Anyway, it’s all besides the point because it’s obvious that New Zealanders generally (i.e. excepting some cultural minorities) find the idea of intercourse between close family members repellent. If you want proof then just go ask any normanl person – including Jamie Whyte, it seems.

    Paul Marsden – I hope that’s a psuedonym.

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  96. Sidey (250 comments) says:

    and neither do I think any such legislation will prevent it the future

    May I suggest you then refrain from asking your sister to perform handstands at your next family gathering?

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  97. Pete George (23,559 comments) says:

    Paul demonstrates that it is not always naturally repulsive.

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  98. dime (9,972 comments) says:

    PG – ever smack off thinking about a family member? be honest now

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  99. Cato (1,095 comments) says:

    Thanks Pete – good to know where you’re coming from on the question of incest.

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  100. Johnboy (16,516 comments) says:

    Meanwhile back at the Vatican:…..

    http://en.wikipedia.org/wiki/List_of_sexually_active_popes

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  101. Paul Marsden (998 comments) says:

    There can be sound reasons at a genetic level, why incestuous relationships might not be beneficial in reproducing the species. However, Iceland, where much of its population has been bred from incestuous relationships, is an interesting study.

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  102. Johnboy (16,516 comments) says:

    Fucksake. Minus and the Catholic’s have joined forces against me!

    I’m fucked!!! :)

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  103. nasska (11,478 comments) says:

    A family member! The average young bloke whose hormones are just starting to kick in could flog himself sightless over a picture in the National Geographic, bra adverts or a glimpse of his sister’s tits & fall madly in love with his thirty something year old physics teacher.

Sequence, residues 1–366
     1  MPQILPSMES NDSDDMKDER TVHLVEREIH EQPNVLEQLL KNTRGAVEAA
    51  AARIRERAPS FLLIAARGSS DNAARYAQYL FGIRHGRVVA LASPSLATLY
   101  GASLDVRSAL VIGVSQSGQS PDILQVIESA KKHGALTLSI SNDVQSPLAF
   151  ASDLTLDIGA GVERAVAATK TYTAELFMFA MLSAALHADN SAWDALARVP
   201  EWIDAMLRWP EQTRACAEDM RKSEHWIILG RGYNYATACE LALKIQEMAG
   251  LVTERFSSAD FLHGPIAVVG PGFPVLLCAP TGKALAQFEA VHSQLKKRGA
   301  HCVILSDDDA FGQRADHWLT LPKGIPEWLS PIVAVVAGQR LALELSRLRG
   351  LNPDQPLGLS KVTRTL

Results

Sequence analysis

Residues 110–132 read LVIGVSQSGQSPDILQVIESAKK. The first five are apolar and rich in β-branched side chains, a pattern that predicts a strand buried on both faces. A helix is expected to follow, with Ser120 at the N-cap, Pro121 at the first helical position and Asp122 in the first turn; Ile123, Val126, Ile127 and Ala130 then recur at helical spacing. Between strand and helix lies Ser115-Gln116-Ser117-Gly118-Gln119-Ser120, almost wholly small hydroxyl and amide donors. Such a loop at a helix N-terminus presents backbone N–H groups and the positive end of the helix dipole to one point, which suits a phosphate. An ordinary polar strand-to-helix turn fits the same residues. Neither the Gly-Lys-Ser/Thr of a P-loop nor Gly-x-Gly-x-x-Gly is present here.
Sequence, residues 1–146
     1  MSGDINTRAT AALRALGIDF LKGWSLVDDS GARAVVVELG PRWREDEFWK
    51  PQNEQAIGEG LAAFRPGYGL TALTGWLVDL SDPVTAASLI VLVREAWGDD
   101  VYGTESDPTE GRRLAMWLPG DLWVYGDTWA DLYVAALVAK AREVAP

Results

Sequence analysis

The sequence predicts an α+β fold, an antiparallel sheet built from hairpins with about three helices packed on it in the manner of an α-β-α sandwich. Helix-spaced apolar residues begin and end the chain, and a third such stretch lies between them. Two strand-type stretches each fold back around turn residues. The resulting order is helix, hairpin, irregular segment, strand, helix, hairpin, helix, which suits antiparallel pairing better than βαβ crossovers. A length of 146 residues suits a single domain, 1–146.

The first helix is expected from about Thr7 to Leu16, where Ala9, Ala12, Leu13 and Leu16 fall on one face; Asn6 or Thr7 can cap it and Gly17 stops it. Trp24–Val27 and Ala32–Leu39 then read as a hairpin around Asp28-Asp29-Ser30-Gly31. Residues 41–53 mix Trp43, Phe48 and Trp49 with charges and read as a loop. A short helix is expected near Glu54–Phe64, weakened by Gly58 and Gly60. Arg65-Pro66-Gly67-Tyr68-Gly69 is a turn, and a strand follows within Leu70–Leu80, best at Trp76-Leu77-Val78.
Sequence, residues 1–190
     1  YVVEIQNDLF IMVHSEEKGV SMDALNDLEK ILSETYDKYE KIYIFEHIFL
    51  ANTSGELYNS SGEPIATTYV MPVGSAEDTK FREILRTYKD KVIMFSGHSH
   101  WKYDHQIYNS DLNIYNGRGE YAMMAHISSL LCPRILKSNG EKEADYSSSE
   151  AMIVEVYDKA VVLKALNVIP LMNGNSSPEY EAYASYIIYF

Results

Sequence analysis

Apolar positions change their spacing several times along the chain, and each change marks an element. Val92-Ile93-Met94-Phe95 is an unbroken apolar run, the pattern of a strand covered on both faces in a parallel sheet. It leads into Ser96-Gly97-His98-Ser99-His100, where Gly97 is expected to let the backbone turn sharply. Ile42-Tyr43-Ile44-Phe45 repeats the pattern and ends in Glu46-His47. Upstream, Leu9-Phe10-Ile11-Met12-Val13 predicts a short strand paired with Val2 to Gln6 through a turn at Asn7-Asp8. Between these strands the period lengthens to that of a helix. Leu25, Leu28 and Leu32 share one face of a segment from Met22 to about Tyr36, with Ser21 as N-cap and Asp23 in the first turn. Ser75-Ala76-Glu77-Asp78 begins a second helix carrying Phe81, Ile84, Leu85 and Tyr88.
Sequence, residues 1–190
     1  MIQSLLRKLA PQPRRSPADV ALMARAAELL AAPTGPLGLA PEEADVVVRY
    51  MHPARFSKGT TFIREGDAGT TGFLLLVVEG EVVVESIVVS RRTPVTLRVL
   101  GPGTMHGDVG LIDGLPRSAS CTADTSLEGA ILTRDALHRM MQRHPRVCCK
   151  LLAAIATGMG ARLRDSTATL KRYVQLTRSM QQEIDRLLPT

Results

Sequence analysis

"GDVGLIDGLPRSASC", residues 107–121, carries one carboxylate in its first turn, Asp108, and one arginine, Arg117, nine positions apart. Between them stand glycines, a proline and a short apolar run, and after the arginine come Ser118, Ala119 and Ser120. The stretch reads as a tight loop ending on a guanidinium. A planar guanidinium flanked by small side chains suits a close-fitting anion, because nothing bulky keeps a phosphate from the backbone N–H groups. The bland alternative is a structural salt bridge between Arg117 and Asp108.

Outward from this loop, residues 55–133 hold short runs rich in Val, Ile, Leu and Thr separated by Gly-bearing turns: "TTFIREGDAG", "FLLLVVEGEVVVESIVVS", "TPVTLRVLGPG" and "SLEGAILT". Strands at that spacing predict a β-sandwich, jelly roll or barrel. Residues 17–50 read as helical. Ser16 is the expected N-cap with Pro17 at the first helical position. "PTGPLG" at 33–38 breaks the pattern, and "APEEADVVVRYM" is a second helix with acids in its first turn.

Unless they’re born Catholic in which case they rely on nocturnal emissions. :)

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  104. wrightingright (143 comments) says:

    https://twitter.com/Redbaiternz

    Ahhh ha! There he is!

    And he has just gained one more follower from myself :-P

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  105. Cato (1,095 comments) says:

    Thanks JB. Of course, the validity of the office of the Pope is in no way tied to the impeccible behaviour of the office holders. Let’s also not forget that clerical celibacy is a current discipline of the Church, not an eternal doctrine.

    Still, less than 20 out of 265 popes is a pretty good record.

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  106. Johnboy (16,516 comments) says:

    My 30 something History teachers sloe eyed missus with the cleavage to die for still features in my sexual fantasies 50 years later nasska!

    Should I seek help?

    Can you reccomend a good Psych in Ekatahuna? Everyone in Wainui is crazier than me! :)

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  107. wrightingright (143 comments) says:

    oh dear… hello Paul Marsden? ;-)

    https://www.facebook.com/paul.marsden.399?fref=ts

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  108. Paul Marsden (998 comments) says:

    nasska (9,018 comments) says:

    February 27th, 2014 at 7:13 pm
    A family member! The average young bloke whose hormones are just starting to kick in could flog himself sightless over a picture in the National Geographic, bra adverts or a glimpse of his sister’s tits & fall madly in love with his thirty something year old physics t

    I plead guilty to all of the above and so do all of my mates…with whom I discreetly shared my father’s National Geographic magazine collection. (After school, that is…:-).

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  109. Johnboy (16,516 comments) says: